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Nearly 2,000-year-old Jewish catacombs to be open to public in May

Nearly 2,000-year-old Jewish catacombs to be open to public in May

In response to Pope Francis’s Jubilee Year of Mercy, Italy will open Villa Randanini, one of only a few Jewish catacombs in Rome (as opposed to 40-some Christian catacombs) from May 1 until June 5.

In Religion News:

Giorgia Calo, cultural councilor for the Jewish Community of Rome, on Tuesday (March 29) welcomed the move to highlight Jewish history in Italy, saying that Jews “have always been a part of the history of the capital.”

The Jewish catacombs, like the Christian ones, lie outside the walls that once encircled ancient Rome.

Discovered beneath the vineyard of Villa Randanini in 1859, the Jewish burial site consists of a labyrinth of tunnels that stretches for nearly 200,000 square feet at a depth of 15 to 50 feet beneath the surface.

The catacomb tours are one of 20 itineraries being launched, also in conjunction with the 500th anniversary of the Jewish ghetto in Venice.

Read the story here.

Image from International Catacomb Society.


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Rod Gillis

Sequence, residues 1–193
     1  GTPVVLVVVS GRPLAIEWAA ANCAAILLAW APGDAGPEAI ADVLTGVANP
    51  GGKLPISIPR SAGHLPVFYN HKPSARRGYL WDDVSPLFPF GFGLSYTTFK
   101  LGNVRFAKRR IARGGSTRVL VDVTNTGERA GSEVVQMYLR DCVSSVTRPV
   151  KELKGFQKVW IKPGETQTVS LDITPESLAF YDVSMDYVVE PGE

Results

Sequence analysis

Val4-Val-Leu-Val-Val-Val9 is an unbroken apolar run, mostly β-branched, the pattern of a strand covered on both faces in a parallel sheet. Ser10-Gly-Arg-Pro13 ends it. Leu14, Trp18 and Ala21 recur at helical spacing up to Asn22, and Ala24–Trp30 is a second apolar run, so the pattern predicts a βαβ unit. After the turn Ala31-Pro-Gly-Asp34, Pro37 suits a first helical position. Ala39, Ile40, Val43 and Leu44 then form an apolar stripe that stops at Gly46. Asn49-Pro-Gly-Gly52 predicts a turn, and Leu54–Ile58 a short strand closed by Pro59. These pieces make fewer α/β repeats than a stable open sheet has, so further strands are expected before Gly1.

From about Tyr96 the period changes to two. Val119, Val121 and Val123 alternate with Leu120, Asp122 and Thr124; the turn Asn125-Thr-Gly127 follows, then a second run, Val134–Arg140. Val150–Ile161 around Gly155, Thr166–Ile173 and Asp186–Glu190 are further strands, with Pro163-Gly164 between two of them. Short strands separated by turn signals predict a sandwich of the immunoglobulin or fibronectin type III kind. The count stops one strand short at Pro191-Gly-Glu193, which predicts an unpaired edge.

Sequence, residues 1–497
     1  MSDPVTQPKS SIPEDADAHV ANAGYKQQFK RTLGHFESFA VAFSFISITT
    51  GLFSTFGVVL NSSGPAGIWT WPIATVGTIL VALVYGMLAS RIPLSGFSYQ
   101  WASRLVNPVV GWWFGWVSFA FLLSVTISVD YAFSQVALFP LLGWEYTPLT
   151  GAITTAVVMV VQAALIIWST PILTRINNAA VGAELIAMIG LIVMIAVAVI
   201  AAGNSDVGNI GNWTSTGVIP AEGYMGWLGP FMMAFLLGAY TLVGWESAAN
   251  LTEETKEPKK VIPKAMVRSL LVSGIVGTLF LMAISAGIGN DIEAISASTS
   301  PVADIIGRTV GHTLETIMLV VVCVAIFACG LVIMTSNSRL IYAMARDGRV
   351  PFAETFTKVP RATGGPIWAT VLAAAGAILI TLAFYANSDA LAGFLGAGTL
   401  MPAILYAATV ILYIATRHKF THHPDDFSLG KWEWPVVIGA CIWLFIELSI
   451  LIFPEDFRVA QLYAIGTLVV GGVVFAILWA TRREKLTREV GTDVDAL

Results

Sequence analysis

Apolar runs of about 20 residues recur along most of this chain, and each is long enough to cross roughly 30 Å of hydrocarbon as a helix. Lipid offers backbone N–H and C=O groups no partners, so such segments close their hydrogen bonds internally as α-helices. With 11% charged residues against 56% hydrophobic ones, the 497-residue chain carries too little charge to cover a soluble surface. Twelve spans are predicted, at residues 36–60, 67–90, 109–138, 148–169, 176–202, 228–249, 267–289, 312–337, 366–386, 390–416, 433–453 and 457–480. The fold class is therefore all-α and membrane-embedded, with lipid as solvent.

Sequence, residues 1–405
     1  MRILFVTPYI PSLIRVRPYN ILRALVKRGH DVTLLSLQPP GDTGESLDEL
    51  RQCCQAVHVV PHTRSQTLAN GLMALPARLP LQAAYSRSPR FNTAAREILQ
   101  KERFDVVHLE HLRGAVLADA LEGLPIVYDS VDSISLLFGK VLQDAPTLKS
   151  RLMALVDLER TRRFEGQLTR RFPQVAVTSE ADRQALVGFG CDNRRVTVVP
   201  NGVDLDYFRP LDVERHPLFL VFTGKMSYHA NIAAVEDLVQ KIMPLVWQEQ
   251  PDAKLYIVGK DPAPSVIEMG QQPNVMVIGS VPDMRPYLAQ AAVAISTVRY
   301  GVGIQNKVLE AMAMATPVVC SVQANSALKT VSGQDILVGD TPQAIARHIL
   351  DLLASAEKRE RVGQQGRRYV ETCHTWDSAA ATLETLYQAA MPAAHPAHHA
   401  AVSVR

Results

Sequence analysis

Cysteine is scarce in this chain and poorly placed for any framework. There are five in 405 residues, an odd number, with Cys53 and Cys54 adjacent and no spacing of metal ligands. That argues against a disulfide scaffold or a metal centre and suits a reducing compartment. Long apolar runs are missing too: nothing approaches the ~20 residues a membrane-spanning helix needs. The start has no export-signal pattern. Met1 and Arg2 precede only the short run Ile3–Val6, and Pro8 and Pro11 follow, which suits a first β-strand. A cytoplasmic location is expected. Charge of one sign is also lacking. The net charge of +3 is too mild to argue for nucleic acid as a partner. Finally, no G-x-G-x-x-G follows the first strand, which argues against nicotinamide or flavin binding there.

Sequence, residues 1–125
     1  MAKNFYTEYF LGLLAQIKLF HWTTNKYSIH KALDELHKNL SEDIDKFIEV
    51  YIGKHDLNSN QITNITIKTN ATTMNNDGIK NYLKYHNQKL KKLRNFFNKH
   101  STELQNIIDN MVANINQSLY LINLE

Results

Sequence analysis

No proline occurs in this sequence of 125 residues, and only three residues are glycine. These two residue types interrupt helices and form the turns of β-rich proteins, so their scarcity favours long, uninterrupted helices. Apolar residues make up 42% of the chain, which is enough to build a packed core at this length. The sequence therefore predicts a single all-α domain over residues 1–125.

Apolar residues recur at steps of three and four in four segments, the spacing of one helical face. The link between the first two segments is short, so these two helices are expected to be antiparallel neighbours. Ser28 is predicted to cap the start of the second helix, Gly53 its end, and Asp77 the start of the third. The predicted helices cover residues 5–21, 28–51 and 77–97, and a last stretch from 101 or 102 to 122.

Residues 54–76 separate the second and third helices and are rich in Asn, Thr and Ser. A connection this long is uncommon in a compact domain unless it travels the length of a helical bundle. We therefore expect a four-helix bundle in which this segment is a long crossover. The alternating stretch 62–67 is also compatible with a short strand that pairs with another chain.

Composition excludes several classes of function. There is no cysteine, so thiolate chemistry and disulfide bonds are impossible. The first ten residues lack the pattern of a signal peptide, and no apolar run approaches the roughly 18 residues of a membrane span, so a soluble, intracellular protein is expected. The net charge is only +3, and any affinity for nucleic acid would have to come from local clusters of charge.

Stories like this one are something of a gift when brought to attention by Episcopal Café. For one thing, they are such an inspirational contrast to the rather depressing daily chronicle that is secular main stream news.

This story has an inter-faith and multi-cultural aspect. On that same RNS site is a similar story about The Church of the Holy Sepulchre and the mosaic restoration in the Franciscan chapel. RNS reports the work of restoring those mosaics involves a joint effort of Palestinian Christians and Muslims.

You can find the story by putting the word mosaic in the RNS search box.

David Allen

We covered a similar restoration a couple months back of the Church of the Nativity.

Rod Gillis

ok thanks David, I missed that one. Great to see some good news stories about cultural heritage sites. cheerio, -Rod

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